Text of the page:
Physicist casts light on randomness

14 November 2011

Prof Anton ZeilingerKeeping track: Prof Anton Zeilinger entertained and informed a UCT audience on the subject of quantum physics. (Listen to pod cast)

Consider a very simple experiment involving some light and a mirror. Half the light goes through the mirror, while the other half is reflected.

Remember, furthermore, that light consists of particles.

So what then determines which light particles will be reflected and which will be transmitted?

The answer, according to world-renowned physicist Professor Anton Zeilinger, is that it is entirely random: You will know which particles were reflected and which went through the mirror only after the fact - and you can detect with a special apparatus which particles got through and which were reflected.

This fundamental insight into quantum randomness, Zeilinger explained, was the subject of a profound difference of opinion and landmark public debate between two of the greatest scientists of the last century - Albert Einstein and Niels Bohr.

"Einsten would not accept that anything was random. He is quoted as saying: 'God does not play dice–', prompting Bohr's response: 'Who are you to tell God how to run her business,'" Zeilinger joked at the well-attended sixth and final Vice-Chancellor's Open Lecture of the year on 25 October.

Zeilinger is professor of physics at the University of Vienna, Austria, and director of the Vienna branch of the Institute for Quantum Optics and Quantum Information at the Austrian Academy of Sciences.

In his address, titled Quantum Games and Quantum Information, he described how quantum physics provides possibilities for winning betting games that are otherwise impossible to win. These are related to the questions of the nature of reality and information in a quantum context.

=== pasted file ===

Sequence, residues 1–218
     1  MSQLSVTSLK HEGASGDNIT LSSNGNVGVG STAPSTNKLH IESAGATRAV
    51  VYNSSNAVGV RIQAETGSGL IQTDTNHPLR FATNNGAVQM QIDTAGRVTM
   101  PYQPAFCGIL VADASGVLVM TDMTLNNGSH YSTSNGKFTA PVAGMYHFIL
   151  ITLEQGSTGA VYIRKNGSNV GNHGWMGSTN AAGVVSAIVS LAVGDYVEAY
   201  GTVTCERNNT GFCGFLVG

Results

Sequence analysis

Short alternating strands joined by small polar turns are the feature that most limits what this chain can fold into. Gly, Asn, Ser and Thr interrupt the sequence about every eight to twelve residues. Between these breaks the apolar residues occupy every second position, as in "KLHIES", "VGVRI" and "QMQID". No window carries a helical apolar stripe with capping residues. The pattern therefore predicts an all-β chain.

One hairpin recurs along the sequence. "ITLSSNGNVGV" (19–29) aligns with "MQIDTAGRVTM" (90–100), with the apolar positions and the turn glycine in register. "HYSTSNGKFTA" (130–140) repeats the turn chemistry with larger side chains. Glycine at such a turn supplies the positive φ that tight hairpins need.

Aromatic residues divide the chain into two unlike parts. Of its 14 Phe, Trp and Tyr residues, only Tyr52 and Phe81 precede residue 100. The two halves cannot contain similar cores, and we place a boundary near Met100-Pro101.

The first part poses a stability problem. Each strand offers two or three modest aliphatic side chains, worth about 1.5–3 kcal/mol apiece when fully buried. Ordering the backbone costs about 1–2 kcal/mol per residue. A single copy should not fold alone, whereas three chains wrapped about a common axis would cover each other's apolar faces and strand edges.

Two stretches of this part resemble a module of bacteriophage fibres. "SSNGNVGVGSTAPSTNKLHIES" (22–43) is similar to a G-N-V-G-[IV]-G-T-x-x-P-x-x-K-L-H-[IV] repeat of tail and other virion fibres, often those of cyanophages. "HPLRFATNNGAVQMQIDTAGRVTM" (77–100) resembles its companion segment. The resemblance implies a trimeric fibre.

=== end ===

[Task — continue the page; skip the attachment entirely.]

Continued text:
He outlined some of the fundamental debates in quantum physics over the past century, and described how quantum physics was only referred to once in the 10 years that followed the initial debate, and once or twice in the next 10 years - but interest in the subject has now taken off exponentially. No less than 500 scientific papers referring to quantum physics by name have been published over the past decade.

Zeilinger, who in 2005 was named by leading British current affairs magazine New Statesman as one of the "10 people who could change the world", is also renowned for his realisation of quantum teleportation - moving a basic unit of quantum information, ie a qubit, from one location to another without the qubit ever being transmitted through the in-between space - with photons.

In the late 1980s he focused on quantum entanglement, which resulted in his most significant results and opened up the new fields of quantum teleportation, quantum information, quantum communication and quantum cryptography. Along with Daniel Greenberger and Michael Horne, he wrote the first paper on entanglement between two particles. The trio's GHZ Theorem - describing what's known as Greenberger-Horne-Zeilinger states - is fundamental to quantum physics.

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